Yom Kippur is, in short, the holiest day of the year in Jewish religion and culture. It is also referred to as the “Day of Atonement,” and the tradition is to solemnly fast for repentance and atonement of sins.
Yom Kippur marks the end of the annual High Holy Day period (Sept. 16 to Sept. 26 in 2012), which begins with Rosh Hashanah, the Jewish New Year. On Sept. 25, observation will begin at sunset.
- At Congregation Shalom in Fox Point, an Erev Yom Kippur intergenerational service will be held at 6 p.m. Tuesday, and another Erev Yom Kippur service will be held at 8 p.m. Tuesday. On Wednesday, early Yom Kippur services will be held at 8:45 a.m., and late Yom Kippur services will be held at 11:30 a.m.
- At Congregation Sinai in Fox Point, a Kol Nidre Service will be held at 8 p.m. Tuesday. On Wednesday, a Yom Kippur morning service will be held at 9:30 a.m., an afternoon study session at 12:30 p.m., a children's service at 2 p.m., an afternoon service at 3 p.m., yizkor at 4:30 p.m. and N'ilah at 5:30 p.m.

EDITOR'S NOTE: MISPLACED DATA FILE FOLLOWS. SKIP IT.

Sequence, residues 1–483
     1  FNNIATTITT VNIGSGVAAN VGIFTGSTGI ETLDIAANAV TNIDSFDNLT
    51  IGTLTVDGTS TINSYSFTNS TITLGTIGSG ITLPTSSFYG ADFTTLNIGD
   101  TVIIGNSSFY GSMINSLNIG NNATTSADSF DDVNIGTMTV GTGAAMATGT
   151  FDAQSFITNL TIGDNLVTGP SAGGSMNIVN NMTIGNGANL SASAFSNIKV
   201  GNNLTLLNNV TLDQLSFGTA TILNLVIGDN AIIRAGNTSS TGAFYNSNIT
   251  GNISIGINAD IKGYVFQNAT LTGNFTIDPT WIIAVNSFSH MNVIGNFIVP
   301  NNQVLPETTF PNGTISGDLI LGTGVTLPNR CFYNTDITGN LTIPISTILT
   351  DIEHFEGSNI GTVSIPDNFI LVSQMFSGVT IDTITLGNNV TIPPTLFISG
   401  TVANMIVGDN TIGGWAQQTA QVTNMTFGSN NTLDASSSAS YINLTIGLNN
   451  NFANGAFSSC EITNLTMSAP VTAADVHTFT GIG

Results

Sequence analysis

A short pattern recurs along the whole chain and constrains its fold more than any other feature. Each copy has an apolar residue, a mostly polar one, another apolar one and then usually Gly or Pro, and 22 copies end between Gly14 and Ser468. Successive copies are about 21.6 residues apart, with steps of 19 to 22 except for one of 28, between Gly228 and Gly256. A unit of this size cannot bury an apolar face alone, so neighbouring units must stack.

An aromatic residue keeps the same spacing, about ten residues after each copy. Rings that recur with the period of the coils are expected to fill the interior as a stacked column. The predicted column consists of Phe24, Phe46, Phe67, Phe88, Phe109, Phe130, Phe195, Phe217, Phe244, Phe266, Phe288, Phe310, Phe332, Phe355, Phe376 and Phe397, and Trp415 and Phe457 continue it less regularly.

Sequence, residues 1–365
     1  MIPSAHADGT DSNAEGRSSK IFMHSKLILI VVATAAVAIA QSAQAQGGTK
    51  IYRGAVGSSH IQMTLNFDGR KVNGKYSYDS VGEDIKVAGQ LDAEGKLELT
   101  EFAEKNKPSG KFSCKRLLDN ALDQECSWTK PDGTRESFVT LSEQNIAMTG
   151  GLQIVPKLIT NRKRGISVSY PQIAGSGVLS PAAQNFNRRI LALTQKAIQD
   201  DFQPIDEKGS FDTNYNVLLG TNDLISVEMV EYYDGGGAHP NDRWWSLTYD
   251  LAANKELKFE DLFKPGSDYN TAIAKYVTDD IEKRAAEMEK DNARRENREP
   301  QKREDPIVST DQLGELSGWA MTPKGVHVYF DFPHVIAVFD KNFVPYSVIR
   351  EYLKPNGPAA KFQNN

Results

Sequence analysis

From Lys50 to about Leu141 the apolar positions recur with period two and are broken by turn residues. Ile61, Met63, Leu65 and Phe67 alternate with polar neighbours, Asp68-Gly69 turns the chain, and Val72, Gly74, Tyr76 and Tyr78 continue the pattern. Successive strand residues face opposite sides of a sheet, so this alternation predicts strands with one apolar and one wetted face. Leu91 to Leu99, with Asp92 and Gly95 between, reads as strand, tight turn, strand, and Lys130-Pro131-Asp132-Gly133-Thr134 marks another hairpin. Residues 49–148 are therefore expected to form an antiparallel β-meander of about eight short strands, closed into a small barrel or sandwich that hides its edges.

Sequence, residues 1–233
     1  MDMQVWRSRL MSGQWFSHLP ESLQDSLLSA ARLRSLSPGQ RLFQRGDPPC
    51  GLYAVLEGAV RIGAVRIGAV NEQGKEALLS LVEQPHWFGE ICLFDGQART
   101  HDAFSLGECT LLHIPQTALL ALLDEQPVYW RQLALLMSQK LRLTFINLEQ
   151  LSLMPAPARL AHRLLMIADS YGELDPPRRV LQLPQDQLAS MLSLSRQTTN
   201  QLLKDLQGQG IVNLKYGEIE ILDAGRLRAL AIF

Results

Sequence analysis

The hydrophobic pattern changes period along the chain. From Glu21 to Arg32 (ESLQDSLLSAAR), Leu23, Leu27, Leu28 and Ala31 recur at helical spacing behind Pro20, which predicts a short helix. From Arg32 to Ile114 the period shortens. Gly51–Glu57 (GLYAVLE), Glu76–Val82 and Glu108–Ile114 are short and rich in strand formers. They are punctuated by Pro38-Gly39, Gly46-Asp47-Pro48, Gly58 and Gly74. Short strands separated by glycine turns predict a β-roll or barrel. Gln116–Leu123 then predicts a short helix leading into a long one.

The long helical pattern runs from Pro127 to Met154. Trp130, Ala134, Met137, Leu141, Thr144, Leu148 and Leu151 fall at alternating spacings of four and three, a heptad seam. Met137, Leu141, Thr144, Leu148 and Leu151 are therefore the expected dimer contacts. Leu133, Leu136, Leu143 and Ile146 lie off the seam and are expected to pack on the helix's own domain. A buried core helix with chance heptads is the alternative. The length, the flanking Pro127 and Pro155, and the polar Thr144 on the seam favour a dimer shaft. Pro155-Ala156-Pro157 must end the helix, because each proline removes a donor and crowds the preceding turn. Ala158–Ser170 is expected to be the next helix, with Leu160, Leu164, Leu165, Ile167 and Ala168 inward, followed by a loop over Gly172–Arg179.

- At Congregation Beth Israel Ner Tamid, Kol Nidre begins at 7 p.m. Tuesday. On Wednesday, Shaharit begins at 9 a.m., Minha begins at 4 p.m., Neilah at 5:45 p.m. with Yom Kippur ending at 7:06 p.m. The temple also offers babysitting and youth programs.
- The Shul Center in Bayside is offering daily Yom Kippur services this week, including a Mincha Service at 2 p.m. Tuesday.
- The Jewish Community Center will close at 4 p.m. Tuesday, and the building will be closed all day Wednesday in observance of Yom Kippur.
Yom Kippur falls annually on the 10th day of Tishrei, a month on the Hebrew calendar, which is nine days after the first day of Rosh Hashanah.
To observe Yom Kippur, one should eat and drink festively the day before—once early in the day and once later, before Kol Nidrei synagogue services. Then, for almost 25 hours, the day is spent in the synagogue without eating, drinking and other restrictions.
To observe the High Holy Days and holiday period before Kol Nidrei and after the Yom Kippur fast, many Jewish specialties are made. But there are a few staples that usually make their way onto the table. Try a honey cake or noodle kugel.